themselves, so as to make them see their weakness and pre wnt
them from relying foolhardily on themselves either in this or in
anything else. This method, although very effective, is also not
without danger, and God does not always use it, but only when all the
other means we have mentioned, which are easier and more natural, fail
to lead a man to self knowledge. Only then does He finally let a man;
fall into sin, great or small, in accordance with the degree of his I
pride, conceit and self reliance. So that where conceit and
self-reliance are absent, instructive failures do not occur. Therefore,
if you happen to fall, run quickly in your thought to humble self
a knowledge and a low opinion and sense of yourself and implore I God
by persistent prayer to give you true light, so as to realize your
nothingness and confirm your heart in disbelief in yourself,! lest you
again fall into the same or even worse and more destructive sin.
I must add that not only when a man falls into some
sin, but also when he is afflicted by some ill fortune, tribulation or
sorrow and especially a grievous and long drawn bodily sickness, he mi
understand that he suffers this in order to acquire self knowledge
namely the knowledge of his weakness and to become humb With this
purpose and to this end God allows us to be assail by all kinds of
temptations from the devil, from men and from our own corrupted nature.
St. Paul saw this purpose in the temp tions he suffered in Asia, when
he said: "'But we had the sense of death in ourselves, that we should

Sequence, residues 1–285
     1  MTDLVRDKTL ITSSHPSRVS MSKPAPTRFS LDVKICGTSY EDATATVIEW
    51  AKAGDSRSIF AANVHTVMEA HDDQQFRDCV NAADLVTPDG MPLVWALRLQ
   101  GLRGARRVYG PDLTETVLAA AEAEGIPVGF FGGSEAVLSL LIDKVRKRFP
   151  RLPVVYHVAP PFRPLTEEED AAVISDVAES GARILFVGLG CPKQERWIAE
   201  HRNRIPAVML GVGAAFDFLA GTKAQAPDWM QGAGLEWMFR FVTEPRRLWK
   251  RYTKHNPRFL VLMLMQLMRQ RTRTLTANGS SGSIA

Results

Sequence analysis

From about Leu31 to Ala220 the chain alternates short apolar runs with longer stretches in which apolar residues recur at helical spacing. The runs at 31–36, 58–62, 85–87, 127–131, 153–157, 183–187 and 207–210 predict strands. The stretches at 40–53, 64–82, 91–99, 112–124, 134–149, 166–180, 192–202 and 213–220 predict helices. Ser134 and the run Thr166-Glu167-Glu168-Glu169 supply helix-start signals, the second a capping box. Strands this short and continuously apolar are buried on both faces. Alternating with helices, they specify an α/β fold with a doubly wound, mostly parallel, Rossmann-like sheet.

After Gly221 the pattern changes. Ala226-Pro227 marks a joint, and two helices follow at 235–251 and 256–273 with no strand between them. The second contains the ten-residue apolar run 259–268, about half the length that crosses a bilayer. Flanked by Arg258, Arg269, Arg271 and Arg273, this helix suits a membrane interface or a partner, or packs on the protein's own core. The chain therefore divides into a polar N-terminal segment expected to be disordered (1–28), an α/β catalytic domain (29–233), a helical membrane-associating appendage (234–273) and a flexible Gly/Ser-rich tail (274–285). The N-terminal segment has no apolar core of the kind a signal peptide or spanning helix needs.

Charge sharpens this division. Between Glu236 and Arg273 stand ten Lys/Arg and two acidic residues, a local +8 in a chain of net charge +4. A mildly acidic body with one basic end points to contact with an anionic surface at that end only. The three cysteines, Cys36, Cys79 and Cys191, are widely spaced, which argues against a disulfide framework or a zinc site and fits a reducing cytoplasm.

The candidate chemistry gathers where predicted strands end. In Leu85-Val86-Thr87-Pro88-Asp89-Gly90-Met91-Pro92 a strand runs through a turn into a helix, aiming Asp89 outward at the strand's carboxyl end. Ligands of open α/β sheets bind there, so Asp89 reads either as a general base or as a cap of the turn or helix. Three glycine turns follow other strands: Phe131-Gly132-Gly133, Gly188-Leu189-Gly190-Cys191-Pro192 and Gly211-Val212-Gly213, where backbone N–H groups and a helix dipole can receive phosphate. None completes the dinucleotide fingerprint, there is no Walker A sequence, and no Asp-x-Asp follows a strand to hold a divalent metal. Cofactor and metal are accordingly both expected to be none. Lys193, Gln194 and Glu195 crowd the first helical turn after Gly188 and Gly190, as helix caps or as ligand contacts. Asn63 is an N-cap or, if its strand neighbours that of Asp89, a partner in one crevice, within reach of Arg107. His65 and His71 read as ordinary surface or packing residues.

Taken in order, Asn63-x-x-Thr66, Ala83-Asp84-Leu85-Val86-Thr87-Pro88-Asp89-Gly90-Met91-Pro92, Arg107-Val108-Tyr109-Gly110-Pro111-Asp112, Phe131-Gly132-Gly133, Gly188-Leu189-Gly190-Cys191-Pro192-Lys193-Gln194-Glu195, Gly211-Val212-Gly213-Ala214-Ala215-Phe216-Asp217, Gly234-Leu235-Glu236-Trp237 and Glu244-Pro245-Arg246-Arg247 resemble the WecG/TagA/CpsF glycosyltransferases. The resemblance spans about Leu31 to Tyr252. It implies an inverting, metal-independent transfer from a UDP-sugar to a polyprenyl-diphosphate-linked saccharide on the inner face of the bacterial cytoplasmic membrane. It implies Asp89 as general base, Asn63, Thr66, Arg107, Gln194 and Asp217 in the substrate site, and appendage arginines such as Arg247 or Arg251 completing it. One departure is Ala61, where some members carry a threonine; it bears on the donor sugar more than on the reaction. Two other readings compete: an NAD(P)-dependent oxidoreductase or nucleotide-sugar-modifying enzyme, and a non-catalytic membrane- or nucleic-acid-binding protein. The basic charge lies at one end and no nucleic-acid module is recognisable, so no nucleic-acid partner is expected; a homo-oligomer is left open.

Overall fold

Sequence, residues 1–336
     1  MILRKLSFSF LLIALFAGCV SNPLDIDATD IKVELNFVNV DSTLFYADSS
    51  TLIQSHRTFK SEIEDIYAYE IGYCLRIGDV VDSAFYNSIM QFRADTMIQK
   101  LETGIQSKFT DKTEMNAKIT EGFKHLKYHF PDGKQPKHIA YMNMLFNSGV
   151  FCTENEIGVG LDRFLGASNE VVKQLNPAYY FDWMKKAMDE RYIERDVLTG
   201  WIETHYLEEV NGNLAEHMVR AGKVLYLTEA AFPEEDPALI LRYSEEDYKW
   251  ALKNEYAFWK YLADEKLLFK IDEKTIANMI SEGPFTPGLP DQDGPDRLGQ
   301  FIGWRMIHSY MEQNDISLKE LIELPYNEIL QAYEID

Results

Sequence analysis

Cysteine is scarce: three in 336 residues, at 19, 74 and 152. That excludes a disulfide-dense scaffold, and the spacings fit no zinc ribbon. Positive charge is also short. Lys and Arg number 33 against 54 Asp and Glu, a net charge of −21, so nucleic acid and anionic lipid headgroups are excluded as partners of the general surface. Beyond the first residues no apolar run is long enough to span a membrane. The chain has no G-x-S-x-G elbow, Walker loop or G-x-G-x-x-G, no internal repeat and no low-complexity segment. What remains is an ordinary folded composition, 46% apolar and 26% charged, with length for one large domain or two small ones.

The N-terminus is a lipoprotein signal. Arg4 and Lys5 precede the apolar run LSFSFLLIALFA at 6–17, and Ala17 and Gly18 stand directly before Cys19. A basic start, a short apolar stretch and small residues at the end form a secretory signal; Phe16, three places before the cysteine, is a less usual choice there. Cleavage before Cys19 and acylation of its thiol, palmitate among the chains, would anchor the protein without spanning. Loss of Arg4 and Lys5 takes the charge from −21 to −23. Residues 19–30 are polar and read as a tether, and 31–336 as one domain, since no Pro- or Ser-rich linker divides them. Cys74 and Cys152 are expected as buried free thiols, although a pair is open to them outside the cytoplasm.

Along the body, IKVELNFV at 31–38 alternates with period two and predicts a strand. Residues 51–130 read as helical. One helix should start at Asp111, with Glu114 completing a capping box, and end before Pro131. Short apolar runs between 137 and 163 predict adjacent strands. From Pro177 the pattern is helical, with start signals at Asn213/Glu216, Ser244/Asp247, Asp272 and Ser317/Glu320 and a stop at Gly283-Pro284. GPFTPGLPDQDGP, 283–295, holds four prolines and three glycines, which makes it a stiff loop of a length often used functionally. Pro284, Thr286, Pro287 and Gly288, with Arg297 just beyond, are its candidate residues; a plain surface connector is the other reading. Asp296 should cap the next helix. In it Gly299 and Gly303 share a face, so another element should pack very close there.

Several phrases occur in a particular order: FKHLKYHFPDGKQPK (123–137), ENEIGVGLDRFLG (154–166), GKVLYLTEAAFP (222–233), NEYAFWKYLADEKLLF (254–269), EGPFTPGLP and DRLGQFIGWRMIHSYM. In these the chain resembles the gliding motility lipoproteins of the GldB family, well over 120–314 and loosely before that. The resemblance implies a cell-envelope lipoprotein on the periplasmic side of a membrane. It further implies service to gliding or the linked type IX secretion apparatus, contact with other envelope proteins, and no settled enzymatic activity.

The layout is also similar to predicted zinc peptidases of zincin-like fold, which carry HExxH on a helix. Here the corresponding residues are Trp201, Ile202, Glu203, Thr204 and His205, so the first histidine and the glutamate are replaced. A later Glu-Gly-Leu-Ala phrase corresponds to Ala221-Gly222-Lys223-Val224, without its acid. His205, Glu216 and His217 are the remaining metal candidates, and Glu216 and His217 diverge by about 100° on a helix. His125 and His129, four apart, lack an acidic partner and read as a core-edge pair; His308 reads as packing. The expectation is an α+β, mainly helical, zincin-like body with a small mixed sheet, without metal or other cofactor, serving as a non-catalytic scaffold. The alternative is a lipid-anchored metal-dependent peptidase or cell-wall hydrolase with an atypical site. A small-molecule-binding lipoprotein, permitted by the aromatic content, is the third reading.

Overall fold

not trust in ourselves, 1 in God which raiseth the dead'1 (II Cor. i.
And I shall add another thing: if a man wants to
realise weakness from the actual experience of his life, let him, I do
i say for many days but even for one day, observe his though words and
actions what he thought, what he said, what he d He will
undoubtedly find that the greater part of his though words and actions
were sinful, wrong, foolish and bad. This experiment will make him
understand in practice how inharmonic and weak he is in himself. And if
he sincerely wishes himself this understanding will make him feel how
foolish it is to anything good from himself or to rely on himself alone.
CONCERNING THE ENMITY AND CONFLICT
BETWEEN FALLEN NATURE AND THE COMMANDMENTS OF THE GOSPEL
If you deny yourself and constantly renounce your
own opinions, your own will, your own righteousness, or what amounts to
the same thing, the knowledge, understanding, will and righteousness of
fallen nature, in order to plant within you the knowledge of God, the
will of God, and the righteousness of God taught us in the holy Gospel